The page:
Since we’ve got a blog now, I suppose we might as well use to it preview topics and ideas that we’re looking at expanding upon in more detailed content formats down the road (webinars, videos, e-books, etc). While we’re at it, it would be great to get some feedback from you fine readers to see if this is a topic that would interest you.
Now before I go any further, let’s just be clear that this may not be fully baked, but it’s something we’ve been discussing over here and I think it’s worth starting to think about, even if only in somewhat of a preliminary form.
I don’t mean to diminish or discredit this, but I do want to make sure that we’re on the same page as I jaunt through this quick bit of musing.
As we’ve discussed in posts prior to this one, regulatory requirements often leave Life Sciences organizations a bit further behind the curve of other industries from both a technology and methodology standpoint. As we’ve also discussed, at this point, much of this has really been self-imposed. Dealing with often vague compliance guidelines and faced with potential consequences, teams, in turn, have implemented and utilized outdated and bloated processes that don’t really support modern tools or processes. Tools and processes that could bring great enhancements to their software development or software quality activities.
These self-impositions are largely enforced due to thinking of things in terms of legacy or traditional compliance and validation appeasement processes that were born of the days when Waterfall was prevalent and manual testing was the specialty of the day. However, technology has long passed those days by and methodologies were born that drove those very same technology innovations. Those methodologies and technologies have now long been embraced by other industries where Life Sciences have largely struggled to adopt them, but the reality is that they are definitely possible to adopt, and many Life Sciences organizations have been able to make the leap successfully.
It simply required a shift in outlook, interpretation, and execution of regulatory requirements. A breaking of tradition, if you will. Instead of looking at traditional computer system validation, they instead started looking at letting those requirements drive and dictate good software quality practices across the enterprise with the documentation being a bi-product of those practices, rather than the driving force behind it or the sole consideration of software and system-related projects.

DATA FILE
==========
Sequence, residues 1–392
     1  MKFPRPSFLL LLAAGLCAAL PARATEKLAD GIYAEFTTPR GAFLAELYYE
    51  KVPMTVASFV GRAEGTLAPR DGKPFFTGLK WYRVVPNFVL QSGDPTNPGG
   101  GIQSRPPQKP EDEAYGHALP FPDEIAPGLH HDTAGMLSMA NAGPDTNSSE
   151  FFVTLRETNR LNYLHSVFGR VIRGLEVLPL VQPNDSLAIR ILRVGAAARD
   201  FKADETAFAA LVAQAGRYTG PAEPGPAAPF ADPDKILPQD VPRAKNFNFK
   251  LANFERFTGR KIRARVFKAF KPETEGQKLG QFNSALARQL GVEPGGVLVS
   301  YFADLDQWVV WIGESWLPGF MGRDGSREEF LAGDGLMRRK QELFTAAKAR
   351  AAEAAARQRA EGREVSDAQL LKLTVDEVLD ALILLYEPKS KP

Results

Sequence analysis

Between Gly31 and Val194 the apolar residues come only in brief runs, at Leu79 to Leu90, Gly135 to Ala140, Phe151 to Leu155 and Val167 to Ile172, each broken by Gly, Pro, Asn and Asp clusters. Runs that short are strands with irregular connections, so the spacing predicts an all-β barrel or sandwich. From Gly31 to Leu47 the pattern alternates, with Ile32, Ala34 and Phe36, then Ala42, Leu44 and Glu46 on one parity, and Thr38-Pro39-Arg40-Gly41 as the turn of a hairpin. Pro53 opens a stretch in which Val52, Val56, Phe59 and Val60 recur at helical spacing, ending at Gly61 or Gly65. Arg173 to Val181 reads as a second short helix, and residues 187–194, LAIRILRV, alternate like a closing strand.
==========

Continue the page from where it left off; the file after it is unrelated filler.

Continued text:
Document-centric, or “document first” mentalities are being moved away from to support and give way to much more nimble management of compliance and validation activities in order to support SDLC modernization. At this point, the FDA is even starting to shift away from legacy CSV and instead focusing on a “critical thinking” first approach, or Computer Software Assurance (CSA), as I’ve been hearing it called. Granted, this is being discussed in certain use cases for the time being, but it seems that the trend is moving in the right direction.
This, however, isn’t new. True, it’s encouraging to hear it echoed by the FDA, and that should give some teams more confidence to move away from traditional validation mentalities, but the model for modernizing SDLC practices while seamlessly integrating aspects like approvals, esignatures, traceability, audit history and other validation relevant data, was already there.
In any case, I do like the trend (as it’s one that we’ve been proselytizing for years now) of moving the focus away from legacy CSV, and instead focusing on software quality and good practices with relevant compliance tasks captured and produced as a bi-product of those practices. Yes, it’s regulated software quality so extra diligence needs to be applied but achieving regulatory compliance shouldn’t be the driving force behind the planning and executing of your SDLC projects.
Instead, embed those compliance tasks into your projects in as efficient a way as possible (that means getting rid of paper or electronic document-based methodologies) and leverage them more as a “checks and balances” that your software development and quality objectives are being achieved.
In any case, as I mentioned before, this isn’t really a fully fleshed out dissertation, but just something I’d been thinking about and thought getting it out there in a blog made sense while we compose more robust and complete collateral on the subject.
In the meantime, check out this white paper we put together not too long ago which somewhat echoes these sentiments in a precursory way.
“Agile, Data-Driven Validation”, here.
Jason Secola is the Support Sales Manager at Tx3 Services and has been with the company since 2016. Jason began working with the larger portion of the existing Tx3 team dating back to 2007 when he got his first start in the world of application testing and later began a focus on testing in a regulated environment.
He currently resides near Sacramento, CA.